Thomas White Global Investing
Global Players

Global Players

July 2010

Jorma Ollila, Chairman, Royal Dutch Shell

Jorma Ollila

Image Credit: Soppakanuuna on Wikimedia Commons under a Creative Commons license

“At Shell, we keep a close eye on managing …short-term impacts, but we keep the focus on our long-term strategy.”

— Jorma Ollila, 2009

Telecommunications and oil are two vastly different fields. Yet, over the past four years, they have shared a common thread. Jorma Ollila is the Chairman not only of Royal Dutch Shell but also cellphone mainstay Nokia. The Finnish cell phone maker has flourished under his aegis, now Ollila aims to do the same for the oil goliath, even as he promotes the usage of clean fuel.

The Finnish born Ollila is one of the most active supporters of legislation that curbs greenhouse gas emissions. At the United Nations Climate Change Conference in Copenhagen last year, Ollila firmly reiterated the need to draw a map for a low-carbon economy. “If there is a common acceptance that we need a price on carbon, that would take us a long way,” he said in a speech prior to the Conference. Since he came onboard Shell in 2006, Ollila has worked towards positioning the company as a strong backer of cap-and-trade legislation, which is a system that legally limits carbon emissions and regulates carbon trading. Ollila’s stand comes as an intrepid approach, considering that most oil and gas companies today are either against such legislation or provide little support.

Yet, Ollila has always preferred to take the path least taken. More famous, even today, as the man who changed Nokia, Ollila’s unassuming demeanor and low-key style belies his highly lauded track record.

A London School of Economics graduate who holds two other degrees in political science and engineering, Ollila joined Nokia in 1985. He was appointed CEO of the company seven years later, a turning point for both the company as well as its newly minted chief executive. At the time, Nokia was not only a down and out firm with a string of financial crises; the company also lacked focus, manufacturing everything from bicycle tires to personal computers.

Ollila began by retooling the company’s entire strategy. His first crucial step was to sharpen Nokia’s focus on telecommunications while divesting the rubber, cable and consumer electronics divisions during the 1990s. With this, Nokia’s sales, which until then were concentrated in Finland, now reached a global market from the Americas to Asia. By 1998, due to Ollila’s prudent and early concentration on GSM technologies, Nokia had increased its turnover ten-fold, making the company the biggest mobile phone manufacturer even surpassing Motorola. By 2000, Nokia had become well-known for manufacturing feature loaded phones at affordable prices, the result of Ollila’s unwavering attention on research and development.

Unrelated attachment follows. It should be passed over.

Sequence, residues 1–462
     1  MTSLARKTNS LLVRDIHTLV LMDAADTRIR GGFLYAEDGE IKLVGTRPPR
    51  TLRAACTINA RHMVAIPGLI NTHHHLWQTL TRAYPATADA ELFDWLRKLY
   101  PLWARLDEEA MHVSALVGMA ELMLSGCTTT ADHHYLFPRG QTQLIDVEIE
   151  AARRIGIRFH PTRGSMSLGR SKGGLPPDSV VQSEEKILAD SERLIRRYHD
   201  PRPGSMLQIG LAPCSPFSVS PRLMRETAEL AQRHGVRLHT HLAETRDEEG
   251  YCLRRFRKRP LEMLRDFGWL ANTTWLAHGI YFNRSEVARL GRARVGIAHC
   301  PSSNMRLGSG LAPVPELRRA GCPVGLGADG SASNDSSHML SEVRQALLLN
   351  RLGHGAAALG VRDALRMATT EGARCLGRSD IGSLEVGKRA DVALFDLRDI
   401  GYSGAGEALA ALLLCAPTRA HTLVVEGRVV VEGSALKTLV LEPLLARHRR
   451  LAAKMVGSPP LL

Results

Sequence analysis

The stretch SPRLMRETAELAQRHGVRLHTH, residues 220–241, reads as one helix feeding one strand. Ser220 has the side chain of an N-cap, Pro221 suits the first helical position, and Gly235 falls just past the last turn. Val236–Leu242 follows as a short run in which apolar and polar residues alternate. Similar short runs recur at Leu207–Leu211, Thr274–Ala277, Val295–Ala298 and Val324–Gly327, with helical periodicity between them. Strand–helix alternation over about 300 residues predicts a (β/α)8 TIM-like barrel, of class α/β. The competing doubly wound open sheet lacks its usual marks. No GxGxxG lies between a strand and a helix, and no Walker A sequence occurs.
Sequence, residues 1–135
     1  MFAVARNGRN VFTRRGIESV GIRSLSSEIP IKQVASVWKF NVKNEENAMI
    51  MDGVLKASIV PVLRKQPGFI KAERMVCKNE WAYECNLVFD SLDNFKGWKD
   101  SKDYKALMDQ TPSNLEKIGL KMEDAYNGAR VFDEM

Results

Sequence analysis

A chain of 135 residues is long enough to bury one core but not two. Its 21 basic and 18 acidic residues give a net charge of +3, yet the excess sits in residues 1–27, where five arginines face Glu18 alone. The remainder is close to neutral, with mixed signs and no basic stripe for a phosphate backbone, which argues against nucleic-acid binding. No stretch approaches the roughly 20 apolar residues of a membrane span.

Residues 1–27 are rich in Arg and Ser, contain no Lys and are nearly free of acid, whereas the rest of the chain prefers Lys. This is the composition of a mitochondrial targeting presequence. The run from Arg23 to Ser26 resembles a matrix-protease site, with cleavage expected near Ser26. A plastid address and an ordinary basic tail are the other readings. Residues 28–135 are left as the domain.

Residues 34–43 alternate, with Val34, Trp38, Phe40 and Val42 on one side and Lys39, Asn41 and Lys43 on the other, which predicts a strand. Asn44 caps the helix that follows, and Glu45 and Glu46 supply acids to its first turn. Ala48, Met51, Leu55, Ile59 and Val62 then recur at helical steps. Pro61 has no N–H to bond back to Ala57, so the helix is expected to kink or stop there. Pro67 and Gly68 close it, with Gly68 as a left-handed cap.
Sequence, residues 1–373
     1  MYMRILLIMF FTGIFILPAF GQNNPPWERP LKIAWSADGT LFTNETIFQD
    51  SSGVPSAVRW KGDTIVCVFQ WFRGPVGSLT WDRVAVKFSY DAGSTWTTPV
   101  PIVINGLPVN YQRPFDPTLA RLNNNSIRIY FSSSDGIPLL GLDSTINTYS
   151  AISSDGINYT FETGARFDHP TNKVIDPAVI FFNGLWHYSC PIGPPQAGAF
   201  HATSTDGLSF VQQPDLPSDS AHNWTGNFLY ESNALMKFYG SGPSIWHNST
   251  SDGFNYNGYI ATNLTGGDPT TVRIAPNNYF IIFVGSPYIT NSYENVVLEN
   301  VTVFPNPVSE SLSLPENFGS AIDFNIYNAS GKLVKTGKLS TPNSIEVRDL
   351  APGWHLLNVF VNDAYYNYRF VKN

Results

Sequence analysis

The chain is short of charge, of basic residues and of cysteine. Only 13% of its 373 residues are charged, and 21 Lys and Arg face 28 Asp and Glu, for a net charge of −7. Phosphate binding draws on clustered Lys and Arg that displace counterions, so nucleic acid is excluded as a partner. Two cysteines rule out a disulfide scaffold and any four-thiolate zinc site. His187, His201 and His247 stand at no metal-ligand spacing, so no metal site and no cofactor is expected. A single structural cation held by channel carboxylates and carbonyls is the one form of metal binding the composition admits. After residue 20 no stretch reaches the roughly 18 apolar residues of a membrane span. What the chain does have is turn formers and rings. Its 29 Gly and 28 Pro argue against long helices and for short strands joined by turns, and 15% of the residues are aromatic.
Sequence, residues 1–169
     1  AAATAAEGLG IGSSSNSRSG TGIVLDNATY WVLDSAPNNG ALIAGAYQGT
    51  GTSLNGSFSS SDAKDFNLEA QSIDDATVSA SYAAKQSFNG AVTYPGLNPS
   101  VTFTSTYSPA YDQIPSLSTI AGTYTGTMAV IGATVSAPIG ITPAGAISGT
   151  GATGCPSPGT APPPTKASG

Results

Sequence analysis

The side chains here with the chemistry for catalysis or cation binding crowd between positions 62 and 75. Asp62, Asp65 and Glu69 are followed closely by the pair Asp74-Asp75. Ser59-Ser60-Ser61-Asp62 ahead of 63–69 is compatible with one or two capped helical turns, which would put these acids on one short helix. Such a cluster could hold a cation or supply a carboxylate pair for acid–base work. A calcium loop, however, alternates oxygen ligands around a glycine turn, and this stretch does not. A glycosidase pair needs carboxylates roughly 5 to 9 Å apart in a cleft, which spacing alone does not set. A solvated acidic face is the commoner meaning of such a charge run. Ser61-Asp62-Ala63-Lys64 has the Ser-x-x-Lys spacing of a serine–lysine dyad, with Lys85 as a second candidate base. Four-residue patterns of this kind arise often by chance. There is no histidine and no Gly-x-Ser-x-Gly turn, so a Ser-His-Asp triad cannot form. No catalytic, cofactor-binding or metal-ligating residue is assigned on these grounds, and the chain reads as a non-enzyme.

Fifteen years into Nokia’s management, Ollila stepped down as CEO and instead became the Chairman of Nokia and Shell in the same year. “After being CEO for 15 years you are a drag on the company. Chairman is more of a governing role. You have to be very careful not to manage,” he explains in his characteristic wry manner to The Financial Times.

Coined ‘the wireless wonder’ by Time Magazine for his numerous contributions in advancing the marketplace, Jorma has made an indelible mark in the history of wireless communication.

— Steve Largent, President and CEO of CTIA – The Wireless Association.

Jumping from telecommunications to oil is a formidable task. But Ollila seems to have taken it in his stride. “The adjustment isn’t automatic. But I have found it fine,” he shrugs. For the sharply analytical Ollila, who is used to bold decisions, the transition might have been less daunting than most. Since joining Shell, Ollila spent one year traveling to site locations from Nigerian oil fields to the company’s oil and gas project at Sakhalin in Russia. He has tried to realign company priorities too, putting safety and security issues at the top of the list after an explosion in a Shell refinery killed 15 people.

Clearly, Ollila’s presence is felt at Shell, with his stronger focus “on all things ‘green,'” such as renewables and combating climate change,” observes Neil McMahon, an analyst at research firm Sanford Bernstein. In 2009, Shell decided to stop all investments in solar, wind and hydrogen energy because they were not economically feasible or investor friendly. Already the world’s largest buyer and blender of crop-based biofuels, Shell now channels its money towards the development of new types of biofuels that are non-crop based and are least injurious to the environment, a decision that Ollila says is “more about pragmatism.”

Ollila might be right. Admittedly, oil companies do face the threat of oil falling out of favor. But if Ollila’s strategy is followed, Shell will not be one of them.





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